Good morning! Here’s what you need to know in markets on Thursday.
It’s Super Thursday at the Bank of England.The central bank will announce its latest interest rate decision at 12.00 p.m. BST (7.00 a.m. ET), as well as publish minutes, a monetary policy summary, and figures on its asset purchasing drive. The Bank is expected to leave rates unchanged at 0.25% after cutting from 0.5% last month.
The Bank of England has appointed one of its top executives to coordinate preparations for Brexit and the impact it will have on the country’s massive financial services sector. Reuters reports that Phil Evans will be responsible for co-ordinating work across the bank relating to withdrawal from the European Union. He was named director for financial policy within the BoE’s Prudential Policy Directorate (PPD).
Federal prosecutors are in the early stages of an investigation into sales practices at Wells Fargo, the Wall Street Journal reported, citing people familiar with the matter. Wells Fargo said last week it would pay $185 million (£139.5 million) in penalties and $5 million (£3.7 million) to customers that regulators say were pushed into fee-generating accounts they never requested.
BP does not plan to increase annual investments this decade but still expects to bring nine new projects online in 2017 as it focuses on improving efficiency, Chief Executive Bob Dudley said in an interview on Wednesday. Reuters reports that Dudley met with government officials during an investment forum in Argentina and said BP is testing in the Vaca Muerta shale area, where US rivals Exxon and Chevron have invested, and expects results next month.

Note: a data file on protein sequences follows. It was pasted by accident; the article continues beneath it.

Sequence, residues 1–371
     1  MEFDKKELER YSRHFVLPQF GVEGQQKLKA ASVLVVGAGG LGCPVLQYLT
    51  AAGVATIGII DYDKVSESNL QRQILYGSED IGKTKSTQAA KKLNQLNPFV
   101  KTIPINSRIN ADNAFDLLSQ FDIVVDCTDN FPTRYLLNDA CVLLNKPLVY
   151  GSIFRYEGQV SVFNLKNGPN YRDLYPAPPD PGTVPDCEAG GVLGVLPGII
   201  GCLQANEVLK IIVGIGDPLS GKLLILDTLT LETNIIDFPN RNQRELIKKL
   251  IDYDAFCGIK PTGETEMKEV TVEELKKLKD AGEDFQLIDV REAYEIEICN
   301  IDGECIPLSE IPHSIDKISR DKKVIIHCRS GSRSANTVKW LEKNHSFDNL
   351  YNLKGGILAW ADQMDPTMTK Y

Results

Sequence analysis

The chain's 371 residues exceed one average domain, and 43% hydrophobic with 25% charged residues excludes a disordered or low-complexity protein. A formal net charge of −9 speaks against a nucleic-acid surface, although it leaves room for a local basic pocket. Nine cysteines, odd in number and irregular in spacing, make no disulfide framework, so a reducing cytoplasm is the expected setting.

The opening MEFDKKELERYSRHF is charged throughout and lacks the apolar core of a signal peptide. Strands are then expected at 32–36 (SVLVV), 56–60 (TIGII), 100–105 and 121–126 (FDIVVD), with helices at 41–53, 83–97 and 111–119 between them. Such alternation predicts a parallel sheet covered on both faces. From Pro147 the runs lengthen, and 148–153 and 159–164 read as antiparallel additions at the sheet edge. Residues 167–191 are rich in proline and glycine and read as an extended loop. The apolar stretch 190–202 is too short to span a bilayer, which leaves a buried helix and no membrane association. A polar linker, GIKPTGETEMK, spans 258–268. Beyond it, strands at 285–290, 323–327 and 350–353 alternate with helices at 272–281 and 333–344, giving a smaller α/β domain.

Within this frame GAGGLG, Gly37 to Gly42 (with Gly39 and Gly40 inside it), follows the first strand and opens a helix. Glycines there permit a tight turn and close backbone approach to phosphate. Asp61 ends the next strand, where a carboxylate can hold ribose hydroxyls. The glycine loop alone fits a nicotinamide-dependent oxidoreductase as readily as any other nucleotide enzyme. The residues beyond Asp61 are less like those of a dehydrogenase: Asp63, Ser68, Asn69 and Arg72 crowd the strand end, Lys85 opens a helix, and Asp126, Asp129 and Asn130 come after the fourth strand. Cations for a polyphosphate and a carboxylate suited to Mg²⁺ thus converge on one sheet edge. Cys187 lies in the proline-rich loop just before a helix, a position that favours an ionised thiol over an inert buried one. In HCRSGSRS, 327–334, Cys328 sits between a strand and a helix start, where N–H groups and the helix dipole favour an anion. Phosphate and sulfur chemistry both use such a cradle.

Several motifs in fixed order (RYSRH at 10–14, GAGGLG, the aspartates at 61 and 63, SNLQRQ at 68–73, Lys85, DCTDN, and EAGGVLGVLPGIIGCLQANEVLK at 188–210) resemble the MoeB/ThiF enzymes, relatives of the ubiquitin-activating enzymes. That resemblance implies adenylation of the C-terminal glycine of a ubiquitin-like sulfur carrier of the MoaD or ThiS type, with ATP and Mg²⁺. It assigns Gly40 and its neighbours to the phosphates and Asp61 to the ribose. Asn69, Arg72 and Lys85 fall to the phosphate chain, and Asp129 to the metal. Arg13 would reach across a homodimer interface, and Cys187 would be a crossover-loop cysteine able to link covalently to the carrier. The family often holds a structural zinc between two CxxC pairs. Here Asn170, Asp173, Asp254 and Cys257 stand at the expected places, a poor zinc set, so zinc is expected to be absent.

China’s housing frenzy is still very much alive. Credit growth roared back, with medium and long-term new loans to households in August, which are comprised of mostly mortgages, jumping 32.2% year-over-year.
The UK government has told France it’s approved EDF’s controversial plan to build two nuclear reactors for £18 billion ($24 billion) in southwest England, according to an official familiar with the matter. Bloomberg reports that the person said the approval is subject to some conditions, without elaborating and asking not to be identified because the decision is not yet public.
Asian markets are mixed. Japan’s Nikkei is down 1.39% at the time of writing (6.30 a.m. BST/1.30 a.m. ET), while the Hong Kong Hang Seng is up 0.46%. China’s mainland financial markets are closed for the Mid-Autumn Festival.
More than 2,000 companies pre-registered interest in hot fintech startup Revolut’s soon-to-be-launched business offering in just 24 hours, according to its founder and CEO. The international money card service announced the service in an email to customers on Monday and CEO Nikolay Storonsky confirmed to Business Insider that more than 3,000 businesses have signed up since then.
Salesforce has bought another company, its 3rd this month, after spending $4 billion (£3 billion) on acquisitions over the past year. Salesforce’s latest acquisition is called Gravitytank, a Chicago-based consulting agency. The deal was announced through Gravitytank’s website.
Apple and Alphabet’s Google engage in practices that undermine competition in the smartphone app market, Nikkei said, citing a report by Japan’s Ministry of Economy, Trade and Industry. The report looked at how the two US technology giants, as well as others that control platforms through which smartphone applications are sold, use their positions of power to decide what app developers can and cannot do, Nikkei reported.